We also suspect that a portfolio approach to assessing these Habits of Success is possible, and we have laid much of the groundwork to collect such assessment information. For instance:

Emotional Intelligence: Likert Scales. Students self-assess on the dimensions of Emotional Intelligence using the Likert Scale (1=Strongly Disagree; 5=Strongly Agree). Mentors also assess students using the scale. These assessments are put next to each other and become the foundation of a mentoring conversation.

Note: When we have piloted this approach, calibration against the Likert Scale is not sufficient to yield reliable, valid assessment data; however, the Likert scale ratings were effective at spurring reflective conversations between mentor and mentee. They were good opportunities for learning and developing goals around EI together. They also offer interesting data sets to analyze; for instance, when we put student self-assessments beside their grades and their mentors’ assessments, we found a high correlation between students with high self-perception relative to mentor perception and low grades (particularly “C"s and below). Students with “A"s typically had a self-perception of EI that matched, or even lagged below, that of their mentors.

Self-Directed Learning (SDL) Behaviors: Back-end data analysis in partnership with SRI. To this point, the most interesting assessment information we have about students’ self-directed learning behaviors comes from an in-depth analysis that we have conducted with SRI to determine the SDL profiles of students.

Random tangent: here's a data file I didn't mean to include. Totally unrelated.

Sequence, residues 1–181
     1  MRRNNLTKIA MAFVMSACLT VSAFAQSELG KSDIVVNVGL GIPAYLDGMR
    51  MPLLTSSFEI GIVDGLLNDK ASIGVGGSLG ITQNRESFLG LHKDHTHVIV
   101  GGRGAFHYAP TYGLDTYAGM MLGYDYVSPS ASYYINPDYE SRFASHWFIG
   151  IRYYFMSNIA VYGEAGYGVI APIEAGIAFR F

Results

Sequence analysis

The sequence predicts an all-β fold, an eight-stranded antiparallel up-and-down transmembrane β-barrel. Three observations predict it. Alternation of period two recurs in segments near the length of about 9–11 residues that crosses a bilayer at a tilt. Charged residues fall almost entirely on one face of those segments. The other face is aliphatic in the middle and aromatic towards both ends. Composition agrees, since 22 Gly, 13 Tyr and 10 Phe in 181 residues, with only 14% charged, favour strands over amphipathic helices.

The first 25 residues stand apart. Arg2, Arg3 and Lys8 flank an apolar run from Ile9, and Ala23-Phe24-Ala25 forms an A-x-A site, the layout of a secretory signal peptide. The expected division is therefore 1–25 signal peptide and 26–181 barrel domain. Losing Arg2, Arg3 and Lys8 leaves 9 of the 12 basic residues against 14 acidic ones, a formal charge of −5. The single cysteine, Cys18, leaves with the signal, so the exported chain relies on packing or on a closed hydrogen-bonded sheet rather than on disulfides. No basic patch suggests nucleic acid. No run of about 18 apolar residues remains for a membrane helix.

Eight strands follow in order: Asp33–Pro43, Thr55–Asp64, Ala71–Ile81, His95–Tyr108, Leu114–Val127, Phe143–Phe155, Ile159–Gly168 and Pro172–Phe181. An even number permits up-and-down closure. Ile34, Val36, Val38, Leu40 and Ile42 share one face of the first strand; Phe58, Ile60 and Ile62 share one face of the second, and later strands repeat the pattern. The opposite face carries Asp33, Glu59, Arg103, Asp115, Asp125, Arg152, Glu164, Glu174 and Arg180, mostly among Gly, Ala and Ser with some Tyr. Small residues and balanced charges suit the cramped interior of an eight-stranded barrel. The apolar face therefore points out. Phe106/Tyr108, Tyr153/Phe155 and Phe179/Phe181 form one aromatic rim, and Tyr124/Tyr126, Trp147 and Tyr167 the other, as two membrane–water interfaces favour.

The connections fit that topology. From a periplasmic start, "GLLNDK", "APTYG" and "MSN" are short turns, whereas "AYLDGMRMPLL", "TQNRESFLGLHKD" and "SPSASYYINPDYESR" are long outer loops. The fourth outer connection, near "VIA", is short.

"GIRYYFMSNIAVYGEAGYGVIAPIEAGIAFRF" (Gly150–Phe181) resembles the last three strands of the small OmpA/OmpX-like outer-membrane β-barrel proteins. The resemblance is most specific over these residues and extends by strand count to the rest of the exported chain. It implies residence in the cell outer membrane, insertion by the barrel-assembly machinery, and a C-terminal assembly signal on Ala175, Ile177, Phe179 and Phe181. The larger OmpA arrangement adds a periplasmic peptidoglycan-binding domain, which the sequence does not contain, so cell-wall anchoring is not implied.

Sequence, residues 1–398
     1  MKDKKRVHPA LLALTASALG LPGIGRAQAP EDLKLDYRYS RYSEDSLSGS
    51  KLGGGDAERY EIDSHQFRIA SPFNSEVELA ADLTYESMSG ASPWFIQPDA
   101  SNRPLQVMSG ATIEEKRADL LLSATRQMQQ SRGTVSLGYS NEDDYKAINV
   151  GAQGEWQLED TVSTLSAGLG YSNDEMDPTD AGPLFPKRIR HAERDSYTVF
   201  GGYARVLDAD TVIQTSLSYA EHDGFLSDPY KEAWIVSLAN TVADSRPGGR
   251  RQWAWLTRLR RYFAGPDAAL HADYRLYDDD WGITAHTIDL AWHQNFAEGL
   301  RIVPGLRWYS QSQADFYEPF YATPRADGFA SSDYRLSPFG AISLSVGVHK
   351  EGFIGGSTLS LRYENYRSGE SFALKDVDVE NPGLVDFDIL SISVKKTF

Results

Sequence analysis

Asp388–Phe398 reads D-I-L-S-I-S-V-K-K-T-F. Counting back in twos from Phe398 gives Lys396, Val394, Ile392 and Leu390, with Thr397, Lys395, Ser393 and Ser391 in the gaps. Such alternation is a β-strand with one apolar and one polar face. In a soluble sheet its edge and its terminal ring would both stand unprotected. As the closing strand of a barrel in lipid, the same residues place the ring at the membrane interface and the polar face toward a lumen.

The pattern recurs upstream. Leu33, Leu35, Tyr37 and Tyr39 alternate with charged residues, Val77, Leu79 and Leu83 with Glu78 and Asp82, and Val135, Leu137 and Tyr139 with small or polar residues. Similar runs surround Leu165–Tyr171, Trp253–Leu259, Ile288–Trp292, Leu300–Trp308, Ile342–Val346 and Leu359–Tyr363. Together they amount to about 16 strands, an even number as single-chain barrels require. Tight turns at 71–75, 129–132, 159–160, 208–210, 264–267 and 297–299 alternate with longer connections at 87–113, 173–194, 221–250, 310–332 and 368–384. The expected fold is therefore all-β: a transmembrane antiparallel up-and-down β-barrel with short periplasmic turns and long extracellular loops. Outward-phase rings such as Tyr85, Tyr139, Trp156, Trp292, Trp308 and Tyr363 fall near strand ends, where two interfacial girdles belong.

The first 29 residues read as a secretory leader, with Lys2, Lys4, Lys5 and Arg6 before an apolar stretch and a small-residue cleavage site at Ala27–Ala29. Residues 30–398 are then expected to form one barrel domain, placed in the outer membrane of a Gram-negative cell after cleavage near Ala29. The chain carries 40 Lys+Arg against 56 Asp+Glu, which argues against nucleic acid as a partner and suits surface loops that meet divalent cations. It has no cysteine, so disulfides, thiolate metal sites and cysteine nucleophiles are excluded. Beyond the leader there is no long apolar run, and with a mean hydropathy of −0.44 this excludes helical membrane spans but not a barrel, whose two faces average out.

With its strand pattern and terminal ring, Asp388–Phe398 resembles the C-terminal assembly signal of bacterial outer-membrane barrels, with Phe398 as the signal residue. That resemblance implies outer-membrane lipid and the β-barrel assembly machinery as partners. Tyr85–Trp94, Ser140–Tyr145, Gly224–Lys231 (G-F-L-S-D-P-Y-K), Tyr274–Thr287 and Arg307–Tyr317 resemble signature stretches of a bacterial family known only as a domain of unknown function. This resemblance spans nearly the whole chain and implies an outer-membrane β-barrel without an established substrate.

Note: This research is ongoing, and built on the rich data sets we have because all Summit students, as well as our Basecamp partners across the country, use a single learning platform (the Personalized Learning Platform) that promotes self-directed learning. One promising aspect of this research is the ability to identify productive (and unproductive) learning patterns algorithmically and trigger immediate interventions. Building targeted surveys into the platform will also develop evolving pictures of students’ self-reported mindsets beside their academic performance, offering the potential for ever more focused in-person and in-platform interventions.